Seven years ago today, on April 15, 2013, the unthinkable happened. After bombs rocked the Boston Marathon, architects and allies joined a statewide coalition to adapt survivors' dwellings into accessible spaces.
In the 2015 Well issue of ArchitectureBoston magazine, Michael McHugh AIA wrote about design volunteers uniting to provide essential services for survivors—retrofits that made it possible for them to stay in their homes.
Renovate for Recovery was a BSA task force whose co-chairs, Dawn Guarriello AIA and Dana Cohen AIA, both had personal ties to the marathon. Together with other leadership provided by Robert Onofrey AIA and Community Design Center executive director Gretchen Rabinkin AIA, the task force joined a broader coalition that was led by the Boston Survivor's Accessibility Alliance, which was organized by the Commonwealth of Massachusetts Department of Public Safety.
Thanks to the dozens of design professionals who lent their time and other resources to Renovate for Recovery. Project teams were led by:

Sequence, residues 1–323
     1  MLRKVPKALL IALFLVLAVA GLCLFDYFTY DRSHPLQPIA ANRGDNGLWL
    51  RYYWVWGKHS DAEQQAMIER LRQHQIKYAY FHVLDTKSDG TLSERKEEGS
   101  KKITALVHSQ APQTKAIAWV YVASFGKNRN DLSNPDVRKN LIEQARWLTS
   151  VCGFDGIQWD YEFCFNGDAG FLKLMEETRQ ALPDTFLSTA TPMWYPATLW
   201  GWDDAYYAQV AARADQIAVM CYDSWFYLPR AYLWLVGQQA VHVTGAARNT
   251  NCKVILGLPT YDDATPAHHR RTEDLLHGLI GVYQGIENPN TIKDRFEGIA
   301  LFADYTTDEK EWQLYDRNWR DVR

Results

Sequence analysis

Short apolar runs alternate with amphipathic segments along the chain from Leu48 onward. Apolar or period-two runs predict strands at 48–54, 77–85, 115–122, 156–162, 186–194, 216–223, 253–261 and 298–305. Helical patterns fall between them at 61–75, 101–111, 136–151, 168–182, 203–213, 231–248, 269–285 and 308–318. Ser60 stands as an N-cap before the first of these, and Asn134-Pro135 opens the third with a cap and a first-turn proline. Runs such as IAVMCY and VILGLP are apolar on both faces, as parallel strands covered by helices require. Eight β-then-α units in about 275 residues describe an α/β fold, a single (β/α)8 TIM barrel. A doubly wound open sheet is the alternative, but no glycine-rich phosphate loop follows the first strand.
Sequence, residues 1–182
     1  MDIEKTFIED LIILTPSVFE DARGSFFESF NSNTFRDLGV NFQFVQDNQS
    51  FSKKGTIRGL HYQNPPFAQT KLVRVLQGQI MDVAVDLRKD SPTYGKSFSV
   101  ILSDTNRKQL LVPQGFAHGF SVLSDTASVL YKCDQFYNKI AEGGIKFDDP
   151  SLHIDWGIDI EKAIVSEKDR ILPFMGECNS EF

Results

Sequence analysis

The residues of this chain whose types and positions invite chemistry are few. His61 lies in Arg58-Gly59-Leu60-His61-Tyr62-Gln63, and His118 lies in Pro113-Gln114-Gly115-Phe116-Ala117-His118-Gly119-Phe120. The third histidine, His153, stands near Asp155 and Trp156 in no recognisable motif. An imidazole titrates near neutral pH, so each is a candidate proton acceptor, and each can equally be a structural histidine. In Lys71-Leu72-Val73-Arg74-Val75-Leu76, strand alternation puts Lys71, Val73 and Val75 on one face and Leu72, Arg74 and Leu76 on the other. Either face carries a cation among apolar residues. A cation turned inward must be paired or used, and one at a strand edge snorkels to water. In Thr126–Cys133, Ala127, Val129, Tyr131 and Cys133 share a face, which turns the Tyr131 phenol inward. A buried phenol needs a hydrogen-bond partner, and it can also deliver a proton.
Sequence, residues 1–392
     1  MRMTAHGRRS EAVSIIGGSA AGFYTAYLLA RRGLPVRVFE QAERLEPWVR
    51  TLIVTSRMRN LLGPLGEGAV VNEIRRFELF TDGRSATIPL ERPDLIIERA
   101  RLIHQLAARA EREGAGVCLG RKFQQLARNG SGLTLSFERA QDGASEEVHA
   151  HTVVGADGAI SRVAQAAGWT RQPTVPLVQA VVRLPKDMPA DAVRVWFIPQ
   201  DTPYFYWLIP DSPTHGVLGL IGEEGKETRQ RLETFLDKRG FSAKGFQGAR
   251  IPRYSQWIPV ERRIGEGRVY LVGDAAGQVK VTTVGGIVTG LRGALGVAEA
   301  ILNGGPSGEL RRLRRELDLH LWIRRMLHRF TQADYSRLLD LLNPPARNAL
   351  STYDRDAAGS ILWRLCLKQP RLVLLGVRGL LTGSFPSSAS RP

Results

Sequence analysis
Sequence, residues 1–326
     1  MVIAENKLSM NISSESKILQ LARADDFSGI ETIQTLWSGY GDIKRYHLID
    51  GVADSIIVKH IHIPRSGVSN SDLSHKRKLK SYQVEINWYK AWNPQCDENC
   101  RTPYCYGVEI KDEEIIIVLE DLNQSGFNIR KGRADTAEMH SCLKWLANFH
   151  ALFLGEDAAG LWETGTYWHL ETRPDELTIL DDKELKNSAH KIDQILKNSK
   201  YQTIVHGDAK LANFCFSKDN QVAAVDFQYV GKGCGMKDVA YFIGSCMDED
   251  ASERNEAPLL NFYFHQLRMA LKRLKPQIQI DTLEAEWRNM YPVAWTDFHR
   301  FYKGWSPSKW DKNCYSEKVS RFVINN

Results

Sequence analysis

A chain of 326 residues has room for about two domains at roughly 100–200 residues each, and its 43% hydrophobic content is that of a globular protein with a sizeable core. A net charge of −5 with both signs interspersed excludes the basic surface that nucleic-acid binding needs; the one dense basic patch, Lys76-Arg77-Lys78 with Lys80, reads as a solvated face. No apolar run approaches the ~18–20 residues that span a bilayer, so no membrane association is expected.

Patrick Ahern Architects
Ann Beha Architects
Community Design Resource Center
Beth A. Worell Architects
B Architecture Studio
Ellen S. Light, AIA
Davis Square Architects
Today, in response to the COVID-19 health crisis, architects are again uniting to bring design assistance to the community. Read about Make/Shift, alternative care sites. Through Make/Shift, the BSA is developing a database and inventory of buildings, facilities, or infrastructures that may be adapted to become alternative sites to support the ecosystems of healthcare provision. Learn how you can help.